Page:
The Welsh government must create incentives for researchers to secure competitive external funding, or it risks jeopardising science and innovation in its universities after Brexit, according to a major review.
Having previously benefited significantly from grants guaranteed by the European Union, Wales stands to lose out heavily when the UK departs the bloc – and potentially loses access to Brussels research funding – next year.
But while the Welsh government has “scant” financial resources to continue the same level of support for researchers on its own, there is a solution, suggests Graeme Reid, a professor of science and research policy at UCL.
In the Review of Government Funded Research and Innovation in Wales, commissioned by the Welsh government, Professor Reid says that the country’s “historic dependence on EU funding” could be substituted and the research funding pot even expanded if universities engage more successfully in UK-wide funding competitions, and attract higher levels of business investment.
The government should therefore “introduce a powerful, performance-related incentive and reward system, based on winning competitively awarded research and innovation funding from outside Wales”, he states. “If Wales does not win this money in competitions, it will go elsewhere in the UK.”
Government ministers have expressed concerns in recent years that research and development investment in Wales remains disproportionately low, at 1.2 per cent of the nation’s economic output, compared with 1.7 per cent in Scotland and 2 per cent in England.
In his 2016 review of higher education funding in Wales, Sir Ian Diamond, principal of the University of Aberdeen, made proposals to protect quality-related research funding at £71 million a year. Professor Reid says that he agrees with the recommendations, but that unforeseen events have since moved the requirements forward and hence budgets for research needed to be expanded upon.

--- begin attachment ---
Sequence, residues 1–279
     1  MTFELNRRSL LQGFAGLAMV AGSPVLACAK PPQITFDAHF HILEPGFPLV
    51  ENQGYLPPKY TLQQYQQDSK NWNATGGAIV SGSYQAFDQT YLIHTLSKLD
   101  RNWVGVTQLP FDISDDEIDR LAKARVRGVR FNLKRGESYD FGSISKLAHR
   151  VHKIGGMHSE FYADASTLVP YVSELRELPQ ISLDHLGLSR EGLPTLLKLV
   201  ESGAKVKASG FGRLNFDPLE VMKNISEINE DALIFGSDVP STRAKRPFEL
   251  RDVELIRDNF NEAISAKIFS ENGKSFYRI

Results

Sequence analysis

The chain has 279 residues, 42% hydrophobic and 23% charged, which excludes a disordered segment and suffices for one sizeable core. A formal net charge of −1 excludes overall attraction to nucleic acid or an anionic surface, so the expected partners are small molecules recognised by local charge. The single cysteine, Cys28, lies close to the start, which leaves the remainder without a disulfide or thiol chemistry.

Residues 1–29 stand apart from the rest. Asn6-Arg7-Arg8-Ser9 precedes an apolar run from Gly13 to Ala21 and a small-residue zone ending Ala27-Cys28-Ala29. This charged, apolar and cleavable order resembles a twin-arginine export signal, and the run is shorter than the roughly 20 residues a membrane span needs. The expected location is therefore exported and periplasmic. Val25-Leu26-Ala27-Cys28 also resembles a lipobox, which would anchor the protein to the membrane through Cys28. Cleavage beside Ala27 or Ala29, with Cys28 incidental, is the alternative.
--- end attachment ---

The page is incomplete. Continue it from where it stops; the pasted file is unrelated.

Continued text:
A new “Future of Wales” top-up fund should be created, he suggests, with a yearly budget of £30 million allocated to universities in direct proportion to the external UK competitive funding secured.
“Wales will lose EU money, but the UKRI [UK Research and Innovation] budget is increasing – and there’s no upper or lower limit of what Wales can have out of that,” Professor Reid told Times Higher Education. “Ultimately, it’s up to the government to encourage researchers to compete for external funds so that the majority of Welsh money can be prioritised for the projects nobody else can provide financial support for.
“Researchers will not necessarily have to put in more effort to secure competitive funding, but it’s a different kind of workload, and there will need to be an extra financial reward for doing that.”
Further recommendations include a proposal for the government to increase the international visibility and influence of Welsh research by opening a new London office; the Welsh government currently has one in Brussels, but no representation in the UK capital, Professor Reid notes.
Julie Lydon, chair of Universities Wales and vice-chancellor of the University of South Wales, said that it was “crucial” that Wales moved “to take forward these recommendations”.
Julie James, leader of the House in the Welsh Assembly, said that the government welcomed the recommendations and had accepted them “in principle”.
“We do acknowledge…that, working across sectors, we can do more to increase the visibility and influence of Welsh research,” Ms James said.